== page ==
Creating beautiful flower garden designs takes much planning and consideration. You will need to consider the types of flowers and combinations of colors you desire for the garden. You will also need to think about the placement of borders and shrubs as well as seating and ornaments. It is a good idea to choose an overall style for the garden and stick with it. When you begin your flower garden designs project, you should make a scale drawing of the design to help visualize your concepts.
Shapes in Flower Garden Designs
Decide upon the shape and pattern for your flower garden designs. Rectangular flower garden designs are a traditional shape and always popular. Circular shaped gardens add interest to the standard rectangular lawn. Flower gardens planted on a diagonal to the house can make a lawn appear larger than it actually is.
Styles of Flower Garden Designs
There are a number of styles of gardens that you can plant, and many of them are not too difficult to achieve. Some favorite flower garden designs are listed here.
Rose Flower Garden Designs
Rose Gardens are easy to plant and beautiful to see. In addition to modern roses, include fragrant, old-fashioned varieties of roses whose scent will delight. Plant bulbs in the beds and border them with seasonal flowers to keep the garden full of color during the blooming seasons.
Cottage Flower Garden Designs
Informal cottage gardens have an old-fashioned, rustic look about them. These flower garden designs incorporate the use of flowers, plants and vegetables.
Shade Flower Garden Designs
Shade gardens are good flower garden designs for spaces with many trees blocking the sunlight. There are many flowers that do well in shady areas, including impatiens, begonia, azalea, hosta and viola. The lack of leaves on the trees in spring allows spring bulbs to grow, filling the space with color.
Wildflower Flower Garden Designs
Wildflower gardens are flower garden designs that feature plants indigenous to the area where the garden is located. These gardens tend to require less pampering than some of the other types listed here, usually not requiring much weeding or amendments to the soil.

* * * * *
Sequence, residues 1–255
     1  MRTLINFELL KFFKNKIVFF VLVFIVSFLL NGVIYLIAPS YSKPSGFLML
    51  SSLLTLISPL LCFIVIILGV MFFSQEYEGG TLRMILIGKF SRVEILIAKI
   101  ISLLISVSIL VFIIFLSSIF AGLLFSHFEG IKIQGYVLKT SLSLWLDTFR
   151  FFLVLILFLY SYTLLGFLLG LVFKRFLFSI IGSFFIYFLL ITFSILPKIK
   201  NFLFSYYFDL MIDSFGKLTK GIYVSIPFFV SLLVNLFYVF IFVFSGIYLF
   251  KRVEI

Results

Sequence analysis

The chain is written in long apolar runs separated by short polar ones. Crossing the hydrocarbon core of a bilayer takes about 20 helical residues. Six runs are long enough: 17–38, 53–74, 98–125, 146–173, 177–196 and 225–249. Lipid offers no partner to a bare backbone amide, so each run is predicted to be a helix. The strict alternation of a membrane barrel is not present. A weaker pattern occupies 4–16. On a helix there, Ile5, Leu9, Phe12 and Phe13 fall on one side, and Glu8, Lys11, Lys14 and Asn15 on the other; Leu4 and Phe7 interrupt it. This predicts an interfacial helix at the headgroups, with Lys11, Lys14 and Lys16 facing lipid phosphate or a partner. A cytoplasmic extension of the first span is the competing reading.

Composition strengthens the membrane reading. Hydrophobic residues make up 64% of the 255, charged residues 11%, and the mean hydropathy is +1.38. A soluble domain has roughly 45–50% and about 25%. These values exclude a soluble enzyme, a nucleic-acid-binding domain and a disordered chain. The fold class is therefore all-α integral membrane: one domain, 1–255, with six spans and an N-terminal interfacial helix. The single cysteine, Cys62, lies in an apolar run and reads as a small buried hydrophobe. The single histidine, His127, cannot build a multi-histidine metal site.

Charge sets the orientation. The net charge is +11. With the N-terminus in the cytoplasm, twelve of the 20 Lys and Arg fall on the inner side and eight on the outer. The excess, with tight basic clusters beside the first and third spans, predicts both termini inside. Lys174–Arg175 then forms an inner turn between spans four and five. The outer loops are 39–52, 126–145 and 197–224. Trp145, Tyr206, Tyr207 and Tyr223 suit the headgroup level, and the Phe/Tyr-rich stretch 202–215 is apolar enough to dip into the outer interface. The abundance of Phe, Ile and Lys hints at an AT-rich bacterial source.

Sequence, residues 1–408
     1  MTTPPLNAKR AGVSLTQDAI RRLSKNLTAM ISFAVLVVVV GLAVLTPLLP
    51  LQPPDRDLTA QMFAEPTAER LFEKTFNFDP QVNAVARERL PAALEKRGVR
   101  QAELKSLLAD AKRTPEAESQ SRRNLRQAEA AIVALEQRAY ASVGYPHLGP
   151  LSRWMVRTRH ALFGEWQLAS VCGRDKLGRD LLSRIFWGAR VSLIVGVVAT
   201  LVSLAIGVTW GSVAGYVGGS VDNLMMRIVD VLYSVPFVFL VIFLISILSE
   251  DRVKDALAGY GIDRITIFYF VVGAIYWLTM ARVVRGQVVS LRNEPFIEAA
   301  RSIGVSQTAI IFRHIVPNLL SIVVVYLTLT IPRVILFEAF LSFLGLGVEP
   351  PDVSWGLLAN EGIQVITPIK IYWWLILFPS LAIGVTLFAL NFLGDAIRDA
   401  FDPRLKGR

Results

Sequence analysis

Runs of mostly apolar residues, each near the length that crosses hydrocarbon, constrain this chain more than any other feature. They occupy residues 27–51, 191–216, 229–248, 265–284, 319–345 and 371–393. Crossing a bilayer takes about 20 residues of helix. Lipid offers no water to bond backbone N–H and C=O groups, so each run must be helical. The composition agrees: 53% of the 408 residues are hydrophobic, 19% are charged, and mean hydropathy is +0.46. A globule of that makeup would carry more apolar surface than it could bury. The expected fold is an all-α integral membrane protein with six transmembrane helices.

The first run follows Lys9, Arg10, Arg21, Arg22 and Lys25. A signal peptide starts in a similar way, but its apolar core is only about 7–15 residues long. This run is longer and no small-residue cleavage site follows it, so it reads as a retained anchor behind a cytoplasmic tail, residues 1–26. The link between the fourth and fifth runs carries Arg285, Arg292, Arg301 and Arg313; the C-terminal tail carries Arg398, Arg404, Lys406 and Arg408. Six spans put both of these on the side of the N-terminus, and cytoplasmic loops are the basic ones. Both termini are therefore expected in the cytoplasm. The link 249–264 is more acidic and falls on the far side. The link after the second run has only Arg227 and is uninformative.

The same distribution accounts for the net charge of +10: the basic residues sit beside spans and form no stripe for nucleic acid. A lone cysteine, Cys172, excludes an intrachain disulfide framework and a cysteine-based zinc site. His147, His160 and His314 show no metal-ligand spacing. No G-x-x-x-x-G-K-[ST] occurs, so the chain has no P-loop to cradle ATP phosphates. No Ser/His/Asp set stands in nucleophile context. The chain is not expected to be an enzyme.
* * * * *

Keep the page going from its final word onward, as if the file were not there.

Butterfly Flower Garden Designs
Butterfly gardens are delightful flower garden designs, planted with flowers known to attract butterflies. Plants such as marigold, lilac, coreopsis, lavender, black-eyed susan and goldenrod are all good choices for butterfly gardens.
Hummingbird Flower Garden Designs
Likewise, hummingbird gardens are a good choice for those who enjoy spotting these small birds. Hummingbirds like richly colored flowers with sweet nectar and a tubular shape. Red and fuschia flowers in particular tend to attract hummingbirds. Some hummingbird garden favorites are morning glory, petunias, azalea, rose of sharon, delphinium and honeysuckle.
The peony is just about the longest-living perennial plant you will ever see. There are two basic types of peonies – the herbaceous types and the tree peony.
It would be best to plant peonies at the back of flower borders as they are large plants. In the spring, the peonies have attractive ferny foliage and the beautiful blooms are usually produced in May.
Peonies best thrive in a place that receives at least half a day to a full day of sunshine. If the climate is very hot, then provide some afternoon shade for these plants.
The best time to plant the peony is the early fall but early spring plantings do well also. Make sure to prepare the site well. Dig an oversized hole and make sure that you fill some of it with compost.
The secret of having a successful peony is this: Make sure that the tuber is positioned so that the eyes which are located on the crown are covered with about two inches of soil.
Peonies are picky – they do not like to be planted very deeply. If your peonies have stopped producing flowers after a few years, then you should see if perhaps they have sunken too low in their bed. Perhaps they have had too much soil sitting on top of them.